On appeal, Espinoza–Baza challenges the district court's evidentiary ruling and its refusal to give a jury instruction pertaining to derivative citizenship. He also contends that his ninety-six month sentence is both procedurally and substantively unreasonable.


The crime of illegally reentering the United States after deportation consists of the following elements: (1) “the defendant is an alien;” (2) he “was deported and removed from the United States;” and (3) he thereafter “voluntarily reentered and remained in the United States without the consent of the Attorney General.” United States v. Godinez–Rabadan, 289 F.3d 630, 633 (9th Cir.2002); see also 8 U.S.C. § 1326. This appeal raises two challenges related to the alienage element. First, Espinoza–Baza contends that the district court improperly excluded evidence related to his derivative citizenship defense. Second, he argues that the district court erred by rejecting his request for a jury instruction on that defense.


We turn first to Espinoza–Baza's contention that the district court improperly excluded evidence related to derivative citizenship. In illegal reentry cases, the government carries the burden of establishing alienage by proof beyond a reasonable doubt. United States v. Smith–Baltiher, 424 F.3d 913, 921 (9th Cir.2005). This means that an individual accused of violating section 1326 is “entitled to put the government to its proof on the issue of alienage” and must be permitted “to defend himself by seeking to prove that he was not an alien.” United States v. Meza–Soria, 935 F.2d 166, 170 (9th Cir.1991). A defendant's right to present evidence in support of his defense, however, is not without limits. Greene v. Lambert, 288 F.3d 1081, 1090 (9th Cir.2002). “While the Constitution ․ prohibits the exclusion of defense evidence under rules that serve no legitimate purpose or that are disproportionate to the ends that they are asserted to promote, well-established rules of evidence permit trial judges to exclude evidence” that is irrelevant, lacking in foundation, or when “its probative value is outweighed by certain other factors such as unfair prejudice, confusion of the issues, or potential to mislead the jury.” Holmes v. South Carolina, 547 U.S. 319, 326 (2006); see also Fed.R.Evid. 401 (relevancy), 403 (unfair prejudice and jury confusion).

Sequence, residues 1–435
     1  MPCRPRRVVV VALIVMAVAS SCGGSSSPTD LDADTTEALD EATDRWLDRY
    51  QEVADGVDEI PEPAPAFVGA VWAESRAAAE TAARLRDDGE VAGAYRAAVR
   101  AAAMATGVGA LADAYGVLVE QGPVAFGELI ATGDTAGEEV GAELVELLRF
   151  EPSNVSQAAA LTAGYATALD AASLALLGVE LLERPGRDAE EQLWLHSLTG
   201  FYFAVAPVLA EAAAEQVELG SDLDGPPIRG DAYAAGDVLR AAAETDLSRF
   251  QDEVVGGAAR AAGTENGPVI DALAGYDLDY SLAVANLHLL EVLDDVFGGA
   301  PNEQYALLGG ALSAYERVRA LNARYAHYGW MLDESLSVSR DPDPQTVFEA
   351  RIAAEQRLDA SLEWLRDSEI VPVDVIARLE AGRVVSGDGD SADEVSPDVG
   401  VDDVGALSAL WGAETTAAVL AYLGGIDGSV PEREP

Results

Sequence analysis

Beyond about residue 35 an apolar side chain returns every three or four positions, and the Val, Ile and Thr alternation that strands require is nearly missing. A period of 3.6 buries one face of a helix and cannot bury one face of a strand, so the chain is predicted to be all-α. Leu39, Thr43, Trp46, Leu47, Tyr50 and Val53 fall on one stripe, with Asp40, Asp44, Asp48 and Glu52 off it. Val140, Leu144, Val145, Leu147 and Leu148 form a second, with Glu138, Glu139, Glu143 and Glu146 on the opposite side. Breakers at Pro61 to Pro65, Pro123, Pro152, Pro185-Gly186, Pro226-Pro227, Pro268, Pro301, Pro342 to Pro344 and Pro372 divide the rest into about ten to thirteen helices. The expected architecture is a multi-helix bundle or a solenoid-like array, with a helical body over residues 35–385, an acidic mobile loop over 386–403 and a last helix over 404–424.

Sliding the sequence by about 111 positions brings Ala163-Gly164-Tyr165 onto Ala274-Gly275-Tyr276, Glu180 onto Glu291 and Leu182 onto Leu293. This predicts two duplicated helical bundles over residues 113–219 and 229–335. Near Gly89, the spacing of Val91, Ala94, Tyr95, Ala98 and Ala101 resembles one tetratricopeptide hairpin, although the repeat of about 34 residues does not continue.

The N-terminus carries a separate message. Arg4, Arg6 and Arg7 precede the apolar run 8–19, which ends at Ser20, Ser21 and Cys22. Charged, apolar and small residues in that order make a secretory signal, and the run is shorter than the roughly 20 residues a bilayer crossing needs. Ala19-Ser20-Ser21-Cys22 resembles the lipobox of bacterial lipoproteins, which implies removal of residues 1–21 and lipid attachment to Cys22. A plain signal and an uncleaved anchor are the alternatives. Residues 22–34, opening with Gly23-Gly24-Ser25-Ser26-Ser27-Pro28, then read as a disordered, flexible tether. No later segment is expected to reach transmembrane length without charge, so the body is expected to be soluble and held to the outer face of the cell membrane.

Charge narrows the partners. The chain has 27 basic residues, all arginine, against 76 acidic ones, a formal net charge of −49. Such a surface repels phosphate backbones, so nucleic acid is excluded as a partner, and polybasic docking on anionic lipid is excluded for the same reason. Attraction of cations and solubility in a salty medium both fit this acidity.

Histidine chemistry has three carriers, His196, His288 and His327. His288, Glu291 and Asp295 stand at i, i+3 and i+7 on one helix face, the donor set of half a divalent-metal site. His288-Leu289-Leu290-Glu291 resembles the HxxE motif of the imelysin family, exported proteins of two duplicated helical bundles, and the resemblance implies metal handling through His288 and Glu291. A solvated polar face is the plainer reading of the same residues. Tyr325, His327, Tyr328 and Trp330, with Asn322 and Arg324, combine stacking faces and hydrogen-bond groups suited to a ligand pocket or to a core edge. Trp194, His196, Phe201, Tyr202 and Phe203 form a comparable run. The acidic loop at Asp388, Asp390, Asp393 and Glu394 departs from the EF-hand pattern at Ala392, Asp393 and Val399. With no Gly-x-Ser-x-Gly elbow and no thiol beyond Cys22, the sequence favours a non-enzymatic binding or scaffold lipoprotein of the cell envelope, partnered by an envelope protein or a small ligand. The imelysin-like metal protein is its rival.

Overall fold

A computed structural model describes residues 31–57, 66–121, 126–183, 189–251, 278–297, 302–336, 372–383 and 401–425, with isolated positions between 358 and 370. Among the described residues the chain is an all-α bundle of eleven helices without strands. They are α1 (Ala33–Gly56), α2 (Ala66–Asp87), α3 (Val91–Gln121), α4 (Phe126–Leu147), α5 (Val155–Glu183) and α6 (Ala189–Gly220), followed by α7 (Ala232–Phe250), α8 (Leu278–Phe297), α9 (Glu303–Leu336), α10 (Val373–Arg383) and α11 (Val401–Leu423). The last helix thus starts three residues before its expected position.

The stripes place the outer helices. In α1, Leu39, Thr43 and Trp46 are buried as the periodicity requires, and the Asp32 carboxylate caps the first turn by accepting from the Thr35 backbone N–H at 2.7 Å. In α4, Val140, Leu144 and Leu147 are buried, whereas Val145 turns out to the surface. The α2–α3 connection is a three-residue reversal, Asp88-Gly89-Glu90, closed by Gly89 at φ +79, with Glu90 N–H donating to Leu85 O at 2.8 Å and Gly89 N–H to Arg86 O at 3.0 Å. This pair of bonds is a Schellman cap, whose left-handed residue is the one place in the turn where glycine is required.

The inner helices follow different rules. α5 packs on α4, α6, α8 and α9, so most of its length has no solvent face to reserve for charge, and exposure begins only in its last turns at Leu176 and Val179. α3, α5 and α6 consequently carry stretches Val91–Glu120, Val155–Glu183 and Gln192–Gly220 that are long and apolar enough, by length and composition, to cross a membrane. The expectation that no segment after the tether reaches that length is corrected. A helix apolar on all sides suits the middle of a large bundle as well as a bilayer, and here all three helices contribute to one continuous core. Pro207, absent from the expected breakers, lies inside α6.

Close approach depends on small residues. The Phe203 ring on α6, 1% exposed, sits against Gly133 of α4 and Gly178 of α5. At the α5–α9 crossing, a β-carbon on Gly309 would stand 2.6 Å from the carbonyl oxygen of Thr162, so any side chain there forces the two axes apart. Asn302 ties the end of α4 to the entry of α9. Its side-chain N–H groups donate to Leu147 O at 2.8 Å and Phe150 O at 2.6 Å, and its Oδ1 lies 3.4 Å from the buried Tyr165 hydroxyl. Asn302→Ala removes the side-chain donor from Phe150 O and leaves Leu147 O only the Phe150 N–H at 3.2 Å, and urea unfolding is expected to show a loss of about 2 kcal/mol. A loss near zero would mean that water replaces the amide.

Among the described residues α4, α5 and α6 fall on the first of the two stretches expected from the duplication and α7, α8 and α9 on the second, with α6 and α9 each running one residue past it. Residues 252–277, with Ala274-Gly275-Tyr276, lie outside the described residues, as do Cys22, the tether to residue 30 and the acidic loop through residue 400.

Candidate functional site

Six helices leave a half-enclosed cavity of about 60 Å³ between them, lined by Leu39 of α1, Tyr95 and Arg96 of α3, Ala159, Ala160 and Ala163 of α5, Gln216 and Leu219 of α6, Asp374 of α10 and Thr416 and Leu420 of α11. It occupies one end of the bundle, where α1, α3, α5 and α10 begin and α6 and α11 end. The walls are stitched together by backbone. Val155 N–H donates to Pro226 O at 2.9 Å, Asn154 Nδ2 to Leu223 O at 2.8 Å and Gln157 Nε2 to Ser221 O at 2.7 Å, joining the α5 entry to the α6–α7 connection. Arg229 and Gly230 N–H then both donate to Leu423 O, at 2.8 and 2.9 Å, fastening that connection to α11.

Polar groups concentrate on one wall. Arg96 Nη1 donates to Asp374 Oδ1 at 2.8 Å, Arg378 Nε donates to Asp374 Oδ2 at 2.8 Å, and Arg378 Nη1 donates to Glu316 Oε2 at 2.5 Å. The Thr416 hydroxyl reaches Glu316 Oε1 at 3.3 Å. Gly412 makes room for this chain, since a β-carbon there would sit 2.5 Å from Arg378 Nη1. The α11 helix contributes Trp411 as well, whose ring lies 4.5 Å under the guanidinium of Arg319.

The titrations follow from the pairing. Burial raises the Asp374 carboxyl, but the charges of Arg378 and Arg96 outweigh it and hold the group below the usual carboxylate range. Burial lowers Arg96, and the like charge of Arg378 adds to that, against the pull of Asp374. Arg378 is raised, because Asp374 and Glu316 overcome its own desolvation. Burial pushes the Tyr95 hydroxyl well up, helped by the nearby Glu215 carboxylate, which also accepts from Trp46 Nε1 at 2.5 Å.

In his appeal, Espinoza–Baza argues that the district court committed reversible error when it excluded evidence suggesting that his grandfather was a United States citizen. This challenge requires us to consider two issues. First, we must determine whether the grandfather's alleged citizenship is relevant to the question of alienage. If so, we then must decide whether the district court abused its discretion when it held that the potential for jury confusion outweighed the probative value of this evidence.